CLEVELAND: A survey finds that Cleveland has more than 6,000 blighted homes that could cost $60 million to raze after years of extensive demolitions throughout the city.
Officials at the Thriving Communities Institute, an arm of the Western Reserve Land Conservancy, believe their findings support the need for continued, aggressive efforts to combat blight.
A top aide to Mayor Frank Jackson tells the Plain Dealer (http://bit.ly/1MusJFb ) that every section of the city is worth protecting.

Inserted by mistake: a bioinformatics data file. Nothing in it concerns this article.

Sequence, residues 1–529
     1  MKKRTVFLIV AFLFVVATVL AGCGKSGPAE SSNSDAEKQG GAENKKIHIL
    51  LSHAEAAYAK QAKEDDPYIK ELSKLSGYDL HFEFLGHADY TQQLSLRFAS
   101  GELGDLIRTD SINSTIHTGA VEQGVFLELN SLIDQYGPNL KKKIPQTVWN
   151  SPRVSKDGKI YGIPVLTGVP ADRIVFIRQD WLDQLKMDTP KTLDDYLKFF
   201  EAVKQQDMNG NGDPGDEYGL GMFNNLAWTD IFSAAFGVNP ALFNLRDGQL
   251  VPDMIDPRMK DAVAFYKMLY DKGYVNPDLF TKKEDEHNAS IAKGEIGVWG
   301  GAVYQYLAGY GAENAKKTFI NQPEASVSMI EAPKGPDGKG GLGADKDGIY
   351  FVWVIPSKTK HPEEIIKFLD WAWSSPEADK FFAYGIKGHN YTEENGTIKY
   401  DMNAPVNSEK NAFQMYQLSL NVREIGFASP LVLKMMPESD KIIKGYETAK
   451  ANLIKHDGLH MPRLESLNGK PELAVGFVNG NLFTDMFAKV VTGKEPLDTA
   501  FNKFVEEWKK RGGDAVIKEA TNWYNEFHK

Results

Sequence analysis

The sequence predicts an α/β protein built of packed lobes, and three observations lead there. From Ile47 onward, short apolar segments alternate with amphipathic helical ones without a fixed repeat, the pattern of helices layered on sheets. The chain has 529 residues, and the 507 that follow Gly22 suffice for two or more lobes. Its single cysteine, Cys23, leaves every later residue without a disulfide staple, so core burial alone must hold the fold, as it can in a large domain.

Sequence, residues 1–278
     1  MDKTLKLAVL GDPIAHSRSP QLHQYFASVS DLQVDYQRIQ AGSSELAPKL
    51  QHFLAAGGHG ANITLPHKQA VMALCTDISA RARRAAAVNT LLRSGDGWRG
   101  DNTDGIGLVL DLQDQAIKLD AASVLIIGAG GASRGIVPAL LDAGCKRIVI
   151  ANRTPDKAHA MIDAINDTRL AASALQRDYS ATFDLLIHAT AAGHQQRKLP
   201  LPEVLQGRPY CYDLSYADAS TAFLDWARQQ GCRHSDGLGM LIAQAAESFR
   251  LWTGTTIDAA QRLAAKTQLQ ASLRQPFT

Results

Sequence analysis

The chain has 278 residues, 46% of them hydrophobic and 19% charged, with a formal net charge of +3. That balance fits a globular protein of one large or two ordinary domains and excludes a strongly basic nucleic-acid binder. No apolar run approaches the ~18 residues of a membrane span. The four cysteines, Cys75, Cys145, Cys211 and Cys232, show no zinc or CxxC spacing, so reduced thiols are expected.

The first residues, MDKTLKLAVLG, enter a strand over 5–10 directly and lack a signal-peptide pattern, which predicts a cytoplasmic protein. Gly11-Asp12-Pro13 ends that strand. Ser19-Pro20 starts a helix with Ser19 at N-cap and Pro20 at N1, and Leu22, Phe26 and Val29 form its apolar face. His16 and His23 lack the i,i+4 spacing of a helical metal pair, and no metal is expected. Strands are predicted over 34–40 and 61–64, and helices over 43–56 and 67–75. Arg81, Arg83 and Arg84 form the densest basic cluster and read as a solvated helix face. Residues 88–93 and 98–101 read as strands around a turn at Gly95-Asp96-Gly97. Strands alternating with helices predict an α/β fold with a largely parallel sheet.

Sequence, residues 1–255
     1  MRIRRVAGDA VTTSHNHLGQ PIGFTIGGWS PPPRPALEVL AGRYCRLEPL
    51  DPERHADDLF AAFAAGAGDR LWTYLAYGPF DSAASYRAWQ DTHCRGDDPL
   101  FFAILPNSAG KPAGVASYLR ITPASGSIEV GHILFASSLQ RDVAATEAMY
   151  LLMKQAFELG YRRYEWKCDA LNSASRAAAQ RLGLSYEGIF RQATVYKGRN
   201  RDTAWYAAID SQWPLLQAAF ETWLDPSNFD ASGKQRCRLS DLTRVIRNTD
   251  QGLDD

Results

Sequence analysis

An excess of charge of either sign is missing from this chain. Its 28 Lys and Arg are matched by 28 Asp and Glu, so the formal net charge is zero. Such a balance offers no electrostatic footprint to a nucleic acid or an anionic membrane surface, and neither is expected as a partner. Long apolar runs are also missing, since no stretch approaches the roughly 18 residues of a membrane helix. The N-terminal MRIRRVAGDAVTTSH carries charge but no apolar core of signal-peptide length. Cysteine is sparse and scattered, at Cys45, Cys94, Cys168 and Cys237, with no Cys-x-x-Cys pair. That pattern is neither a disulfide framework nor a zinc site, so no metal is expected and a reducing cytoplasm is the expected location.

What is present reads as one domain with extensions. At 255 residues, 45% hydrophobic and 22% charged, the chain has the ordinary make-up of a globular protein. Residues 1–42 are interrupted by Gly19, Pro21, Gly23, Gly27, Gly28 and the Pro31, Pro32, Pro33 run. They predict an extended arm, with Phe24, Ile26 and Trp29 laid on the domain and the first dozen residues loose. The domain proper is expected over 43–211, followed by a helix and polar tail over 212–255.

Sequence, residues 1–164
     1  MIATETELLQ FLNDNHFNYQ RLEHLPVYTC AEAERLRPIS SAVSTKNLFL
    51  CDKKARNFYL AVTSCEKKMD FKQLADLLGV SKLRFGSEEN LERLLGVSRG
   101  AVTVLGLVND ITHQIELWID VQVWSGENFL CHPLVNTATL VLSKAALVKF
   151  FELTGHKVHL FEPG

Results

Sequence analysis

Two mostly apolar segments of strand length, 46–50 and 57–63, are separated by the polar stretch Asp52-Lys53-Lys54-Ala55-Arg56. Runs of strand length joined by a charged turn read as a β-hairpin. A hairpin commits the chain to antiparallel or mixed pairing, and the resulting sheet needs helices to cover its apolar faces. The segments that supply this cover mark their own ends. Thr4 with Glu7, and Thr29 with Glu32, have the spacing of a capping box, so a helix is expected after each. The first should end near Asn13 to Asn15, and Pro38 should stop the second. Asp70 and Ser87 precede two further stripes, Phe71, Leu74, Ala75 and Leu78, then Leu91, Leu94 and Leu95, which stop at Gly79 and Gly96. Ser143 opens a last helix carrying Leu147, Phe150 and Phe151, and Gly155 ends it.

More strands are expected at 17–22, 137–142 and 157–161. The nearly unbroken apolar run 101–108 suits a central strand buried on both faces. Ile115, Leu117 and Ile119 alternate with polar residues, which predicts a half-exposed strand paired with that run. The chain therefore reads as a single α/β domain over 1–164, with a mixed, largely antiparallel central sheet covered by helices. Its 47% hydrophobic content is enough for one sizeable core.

Chief of staff Ken Silliman says Cleveland rejects arguments that itís better to encourage some homeowners in blighted areas to leave so that entire blocks can be demolished to make room for new development.
More than 11,000 vacant houses and crumbling commercial buildings in Cleveland have been torn down in the past nine years.